Every relationship (e.g., among friends, a family, neighbors, societies, companies, nations) must be animated by charity.13 Reason connects people and shows us to be neighbors who live side by side; caritas incarnated in solidarity establishes fraternity.14 Gratuitousness is needed in every relationship of man without exception, especially in economics.15 With respect to solidarity between wealthy and poor nations, gratuitousness means more than an exchange of material goods. For example, the strength of developed nations lies in the “the oft-forgotten virtues which made it possible for them to flourish throughout their history,”16 not in their technological abilities, however impressive they may appear.
The “common good” may be misunderstood, particularly being confused with the “greater good.” The common good is rooted in charity and justice and is the good of everyone: “individuals, families, and intermediate groups”;17 the greater good is derived by a mathematical formula and may sacrifice the good of one or more parts of the society for the sake of the whole. Benedict XVI notes the common good is not an end in itself but is an end pursued “for the people who belong to the social community and who can only really and effectively pursue their good within it.”18 The common good is not an independent reality existing apart from individuals or intermediate groups; it is the good of them all. As previously noted, when a person partakes in these groups, he – and the group – contribute to the common good.19 The State has a role in exercising charity toward the “neighbor”: pursuing justice, protecting the civic, cultural, and political life of the country. The charity of the State in this regard “no less excellent and effective than the kind of charity which encounters the neighbour directly.”20 These “institutional” actions must be directed toward the common good and apply more than “commercial logic.”21 The aid of these institutions, especially toward poorer nations, should aim to meet the material needs of the people and generate true economic growth.22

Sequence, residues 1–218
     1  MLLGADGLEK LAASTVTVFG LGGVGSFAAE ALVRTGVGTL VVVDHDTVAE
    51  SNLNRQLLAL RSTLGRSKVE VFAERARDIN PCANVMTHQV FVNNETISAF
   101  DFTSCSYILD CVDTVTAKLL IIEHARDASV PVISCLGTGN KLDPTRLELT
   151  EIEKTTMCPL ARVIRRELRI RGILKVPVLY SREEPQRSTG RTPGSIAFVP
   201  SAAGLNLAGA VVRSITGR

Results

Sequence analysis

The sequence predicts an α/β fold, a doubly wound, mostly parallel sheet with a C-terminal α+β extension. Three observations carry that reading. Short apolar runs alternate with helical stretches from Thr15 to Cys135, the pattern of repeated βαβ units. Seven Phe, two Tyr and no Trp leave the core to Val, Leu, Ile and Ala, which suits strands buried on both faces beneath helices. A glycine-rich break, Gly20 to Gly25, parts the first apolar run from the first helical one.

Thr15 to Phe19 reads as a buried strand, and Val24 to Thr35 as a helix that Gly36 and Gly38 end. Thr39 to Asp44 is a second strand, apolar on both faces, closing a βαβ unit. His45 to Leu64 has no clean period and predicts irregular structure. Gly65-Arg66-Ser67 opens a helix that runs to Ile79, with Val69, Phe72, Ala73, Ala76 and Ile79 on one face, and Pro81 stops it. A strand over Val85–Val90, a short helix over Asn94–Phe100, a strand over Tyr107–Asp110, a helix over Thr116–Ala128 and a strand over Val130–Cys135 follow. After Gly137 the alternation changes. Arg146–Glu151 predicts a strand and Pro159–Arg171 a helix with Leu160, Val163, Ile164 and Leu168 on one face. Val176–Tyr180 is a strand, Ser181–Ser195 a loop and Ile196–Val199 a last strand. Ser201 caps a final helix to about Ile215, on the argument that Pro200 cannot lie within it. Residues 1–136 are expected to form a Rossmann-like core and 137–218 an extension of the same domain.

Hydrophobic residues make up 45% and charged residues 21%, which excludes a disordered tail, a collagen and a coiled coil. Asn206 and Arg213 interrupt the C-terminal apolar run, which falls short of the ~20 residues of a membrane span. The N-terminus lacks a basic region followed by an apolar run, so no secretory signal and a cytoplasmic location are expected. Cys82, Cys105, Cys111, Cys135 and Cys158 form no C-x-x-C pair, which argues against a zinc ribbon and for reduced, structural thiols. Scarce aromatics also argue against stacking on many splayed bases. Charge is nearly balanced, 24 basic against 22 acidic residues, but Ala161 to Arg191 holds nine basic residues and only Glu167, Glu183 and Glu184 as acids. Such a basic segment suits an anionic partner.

It is clear based upon what we have discussed that the principles of solidarity and the common good have a rich history in the magisterial tradition of the Church. These principles will undoubtedly continue to evolve and respond to every time and age as the Catholic social thought seeks to speak to the realities of every age.
(1) Centesimus Annus, 10.3.
(2) Caritas in Veritate, 38; cf. John Paul II, Sollicitudo Rei Socialis, 38: loc. cit., 565-566.
(3) Rerum Novarum, 34.
(4) Mater et Magistra, 155.
(5) Centismus Annus, 34.
(6) Ibid., emphasis in original.
(7) Caritas in Veritate, 53.2.
(8) cf. Rerum Novarum, 16, 21-22, 24, 26, 28-31.
(9) Caritas in Veritate, 53.2.
(10) Centismus Annus, 49.3.
(13) Caritas in Veritate, 2.1.
(14) Ibid., 19.1.
(15) Ibid., 38.1
(17) Ibid., 7.
(19) Centismus Annus, 13.2
(20) Caritas in Veritate, 7.
(21) Ibid., 36.1.
(22) Ibid., 27.